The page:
The swab means that nurses can identify whether a premature baby would be genetically predisposed to being left deaf after treatment with gentamicin, a life-saving antibiotic used to treat 90,000 newborns a year. Guidelines say a baby should have gentamicin administered within an hour, though researchers have known for 25 years that the antibiotic could lead to deafness caused by a genetic variant which affects 1 in 500 people. Testing for it has traditionally taken days.
But now, in just 20 minutes a nurse working alone can establish, by placing cells from a baby’s cheek swab into a into a PC-sized molecular-diagnostic bedside machine, whether their infant patient has the genetic variant which rules out using gentamicin – and if so to prescribe an alternative drug instead.
The test, which already has Health Research Authority, CE and ethical approval, has just started trials in neonatal intensive care units at St Mary’s Hospital, Manchester, part of Manchester University NHS Foundation Trust, and Liverpool Women’s Hospital. Used across the NHS, it could save more than 180 babies a year from going deaf as a result of gentamicin.
Bill Newman, professor of Translational Genomic Medicine at the University of Manchester and consultant at Manchester University NHS Foundation Trust, who is leading the trial, says that the technology could be used in future to identify how patients are affected by other drugs.
Mr Newman – whose team includes the developers of the testing equipment genedrive plc and parents of children treated in NICUs – said: “Successful implementation of the gentamicin test will be a first in the integration of a rapid decision-making, genetic-based diagnostic in the UK NHS. It opens the door to getting much better outcomes for a number of other diseases too now that the test is out there.”
In addition to saving families from the emotional anguish of a diagnosis of profound deafness, the success of the Pharmacogenetics to Avoid Loss of Hearing (PALoH) study will save the NHS an estimated £5m every year (including the cost of the test) in cochlear implantations and other hospital costs, according to health economists making up part of the team.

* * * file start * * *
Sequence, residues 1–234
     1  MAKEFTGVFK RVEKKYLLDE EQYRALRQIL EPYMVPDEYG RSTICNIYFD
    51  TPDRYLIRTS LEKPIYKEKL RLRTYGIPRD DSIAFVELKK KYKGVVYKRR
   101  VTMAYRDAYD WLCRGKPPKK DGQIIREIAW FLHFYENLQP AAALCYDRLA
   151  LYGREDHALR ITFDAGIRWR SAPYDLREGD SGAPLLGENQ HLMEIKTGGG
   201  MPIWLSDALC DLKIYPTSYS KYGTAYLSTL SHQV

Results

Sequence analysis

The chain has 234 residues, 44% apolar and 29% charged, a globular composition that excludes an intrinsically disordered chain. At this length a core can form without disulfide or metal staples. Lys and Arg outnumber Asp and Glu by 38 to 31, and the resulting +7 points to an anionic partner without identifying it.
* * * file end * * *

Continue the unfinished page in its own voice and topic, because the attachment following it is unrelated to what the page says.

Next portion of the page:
The Genedrive test costs around £60 per baby at the moment and was developed by the Manchester-based medical equipment company genedrive plc, in collaboration with Mr Newman’s team. The development research took place at Manchester Biomedical Research Centre with £900,000 in funding from the National Institute for Health Research (NIHR) and support from the charity Action on Hearing Loss.
Mr Newman is convinced that the successful implementation of this trial will open the door to early detection of more common conditions. His team is already working with genedrive plc on a similar rapid bedside test for stroke patients – to detect the one in 10 patients whose DNA makes them unable to metabolise clopidogrel, the common anti-platelet medication, and therefore have significantly worse outcomes.
Models suggest similar tests could prevent several thousand of the 100,000 strokes suffered by people each year in the UK. It also opens up the possibility of using pharmacogenetics testing more widely by using biomarkers to target treatments more appropriately.